UBIQUITY: You said that you're now focused mainly on the technical possibilities of CyberAll, but presumably you've thought about how this might be used in, let's say, an organization like Microsoft or the State Department or whatever?

BELL: No. My feeling is that others worry about that part already, so I'm not going to worry about it because it's part of a very large problem. Even just the question of company mail and how that gets used in an organization raises pretty worrisome issues. For now, I'm thinking of CyberAll as something for my personal use and for use as a prototype of tools that might be useful to others. After all, my company is interested in "personal" computers.

UBIQUITY: CyberAll sounds like an historian's dream.

BELL: No question about it.

UBIQUITY: Do you see this as a commercial product eventually?

BELL: Yes, because it will become necessary in so many ways. As the media get more and more rich over time, paper becomes poorer and poorer as a way of recording. For example, as books become electronic and allow dynamic interaction and have movies and simulations and things like that, we get into this real problem of reading them in 10 years, let alone in 20 or 50 years. I don't know how that's going to play out. It's a hard question. Almost nothing that people created 20 years ago can be read today, without doing a lot of fooling around.

UBIQUITY: Well, is that another entrepreneurial opportunity for somebody?

BELL: Oh, yes, I think there are entrepreneurial opportunities here. For example, the reason for cemetery mausoleums is that people want some kind of permanence. Well, this would be a lot more useful than cemeteries, taking up all that real estate. So I think there may be a market there. I'm not going to start a company for that purpose, but I would probably invest in one and advise people if they wanted to do something like that. I'm not ready to recommend a product development activity yet at Microsoft, but I could see it as a significant part of MSN!

UBIQUITY: How many different companies have you participated in?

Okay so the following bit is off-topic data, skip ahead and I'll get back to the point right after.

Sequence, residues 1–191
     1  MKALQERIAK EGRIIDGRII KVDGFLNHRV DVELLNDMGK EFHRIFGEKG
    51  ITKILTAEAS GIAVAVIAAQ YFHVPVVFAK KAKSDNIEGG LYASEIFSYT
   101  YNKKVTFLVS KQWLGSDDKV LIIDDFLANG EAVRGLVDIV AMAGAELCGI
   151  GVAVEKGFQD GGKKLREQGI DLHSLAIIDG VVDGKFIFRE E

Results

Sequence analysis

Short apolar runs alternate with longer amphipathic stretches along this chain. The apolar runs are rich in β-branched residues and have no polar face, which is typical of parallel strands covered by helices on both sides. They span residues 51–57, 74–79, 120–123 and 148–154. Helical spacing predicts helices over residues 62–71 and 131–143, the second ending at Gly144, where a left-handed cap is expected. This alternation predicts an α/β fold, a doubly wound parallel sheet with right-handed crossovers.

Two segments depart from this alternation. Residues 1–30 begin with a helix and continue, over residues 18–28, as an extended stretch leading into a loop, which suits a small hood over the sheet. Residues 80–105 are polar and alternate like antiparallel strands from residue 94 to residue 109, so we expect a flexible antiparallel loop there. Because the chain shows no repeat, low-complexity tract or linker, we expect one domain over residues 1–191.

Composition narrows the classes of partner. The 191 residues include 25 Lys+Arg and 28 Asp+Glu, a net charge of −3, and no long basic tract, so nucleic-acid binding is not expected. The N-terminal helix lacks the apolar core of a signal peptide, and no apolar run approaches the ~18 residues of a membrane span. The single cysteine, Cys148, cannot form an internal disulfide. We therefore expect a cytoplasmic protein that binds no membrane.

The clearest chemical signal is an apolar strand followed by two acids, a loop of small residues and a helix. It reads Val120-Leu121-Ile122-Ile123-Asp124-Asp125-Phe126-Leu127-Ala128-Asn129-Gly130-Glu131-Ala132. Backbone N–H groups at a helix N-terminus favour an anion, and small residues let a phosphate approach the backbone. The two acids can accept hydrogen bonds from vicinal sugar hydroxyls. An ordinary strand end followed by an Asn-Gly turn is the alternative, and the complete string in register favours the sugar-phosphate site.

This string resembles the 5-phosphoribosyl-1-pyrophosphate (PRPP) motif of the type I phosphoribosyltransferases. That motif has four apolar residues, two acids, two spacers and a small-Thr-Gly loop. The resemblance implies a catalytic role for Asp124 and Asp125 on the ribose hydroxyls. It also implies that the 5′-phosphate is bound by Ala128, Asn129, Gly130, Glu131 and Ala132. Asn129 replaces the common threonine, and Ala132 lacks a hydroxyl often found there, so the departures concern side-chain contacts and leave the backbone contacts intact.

BELL: I've invested as first round seed investor in 60 or 70.

UBIQUITY: Tell us the secret of entrepreneurship.

BELL: I wrote a book called High Tech Ventures in 1991 that has sold about 20,000 copies. It goes into what I think is the essence of a high tech venture and what you have to do.

UBIQUITY: What's the general idea?

BELL: It is based on a four-stage model of how a startup company evolves in twelve dimensions. Three of the dimensions are focused on technology and engineering. The first has to do with the company's ability to build a product. The second is the product itself: i.e., what its characteristics are, what its price is, and how the product fits into a larger marketplace. The third dimension is the ability to deliver that product or service, and may include manufacturing for hardware things, but it's really the company's ability to produce the product and to deliver it.

UBIQUITY: Take us all the way.

BELL: Then there are three business dimensions: one is the business plan, second is marketing, and the third is the sales. And then there are three people dimensions: the CEO, the high-level team responsible for building and making the company successful, and the board. And the last three are financial dimensions: one is cash; one is the ability to get more cash through financing, and the third is control -- the ability of the company to do what it says it's going to do.

UBIQUITY: How do you think of the model as a whole?

BELL: Basically, it's a time model of how a company evolves, much the way a child evolves, which describes what capabilities each of those dimensions should reach at a given stage. So it's about stages and dimensions.